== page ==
[15] Examples from book 10: 10,1 (236,14) (hoc enim mihi uidebatur); 10,24 (256,4-5) (hoc enim nomen sola sciebat); 10,28 (259,21-22) minus quidem quam merebatur, sed quod dignus cruciatus alius excogitari non poterat. On the function of parenthesis in Apuleius’ Met. see Zimmerman 2000, 310-1 on 10,24.

    [16] There are no such notes in Zimmerman 2000, who merely refers to Mariotti 1956, 232-46 (in Italian). Extensive lexical notes may also be found in Pennisi 1970, 144-201 (equally in Italian), but these analyses seem less reliable, since the author wishes to prove the authenticity of the piece.

    [17] This interpretation closely follows the explanations by Mariotti 1956, 237-8. Cf. also Martos 2003, clii ‘la blanqueada lanza de mi verga’.

    [18] Thus e.g. Zimmerman 2000, 434 ‘whitish dirt’.

    [19] Admittedly, Apuleius only has forms of the adjective plusculus, the adjective pluscule being not attested before the 11th century. The electronic Cetedoc Index of Latin forms lists only three occurrences of pluscule: in Lambertus Tuitiensis Miracula Heriberti Coloniensis, in Sigebertus Gemblacensis, Liber decennalis (both 11th cent.) and in Philippus de Haruengt, Vita Foillani (12th cent.) But the adverb would not seem an impossible coinage for Apuleius himself or for a later medieval source familiar with his style. By all means, an adverb fits the sense and structure of the sentence rather well.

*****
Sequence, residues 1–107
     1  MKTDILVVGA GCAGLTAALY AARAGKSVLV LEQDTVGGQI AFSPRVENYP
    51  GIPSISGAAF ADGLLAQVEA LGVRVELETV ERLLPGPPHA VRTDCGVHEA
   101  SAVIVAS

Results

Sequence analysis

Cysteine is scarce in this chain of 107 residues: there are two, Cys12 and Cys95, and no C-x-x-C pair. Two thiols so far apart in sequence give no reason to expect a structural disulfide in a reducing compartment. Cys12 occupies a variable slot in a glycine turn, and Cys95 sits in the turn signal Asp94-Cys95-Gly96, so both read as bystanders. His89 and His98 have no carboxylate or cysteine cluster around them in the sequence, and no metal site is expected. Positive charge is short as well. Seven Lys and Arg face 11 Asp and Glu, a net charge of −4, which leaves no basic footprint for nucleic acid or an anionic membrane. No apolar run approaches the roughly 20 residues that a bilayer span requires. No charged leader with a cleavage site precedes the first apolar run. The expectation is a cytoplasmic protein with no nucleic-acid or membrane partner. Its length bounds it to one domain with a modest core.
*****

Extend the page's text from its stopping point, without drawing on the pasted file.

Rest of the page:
[20] He apparently considers repando as a reinforcement of pando rather than as its opposite, and he is perhaps taking both words as adverbs.

    [21] The word is inexactly rendered by Zimmerman 2000, 434 who translates inspiciens quod genius inter antheras excreuerat as ‘when she saw what came out of my penis’. The obvious sense here is simply ‘penis’.

    [22] The most likely explanation is provided by Mariotti 1956, 243-4. The sense is strange to both classical and medieval use. The solution may be a medieval gloss (CGIL IV, 588,32f. genium genitale naturale nomen uirgo) in which two other glosses have been conflated (genitale naturale and genium numen uigor). MSS containing the erroneous gloss come from Monte Cassino and date from the 10th or 11th century. If the author of the sp.add. has used this gloss, as Mariotti thinks, we would have a further indication of its date and origin. The objections against this view of Mariotti, as given by Pennisi 1970,190-1 and Pizzica 1981,770-1 remain unconvincing and do not sufficiently explain the sense mentula here.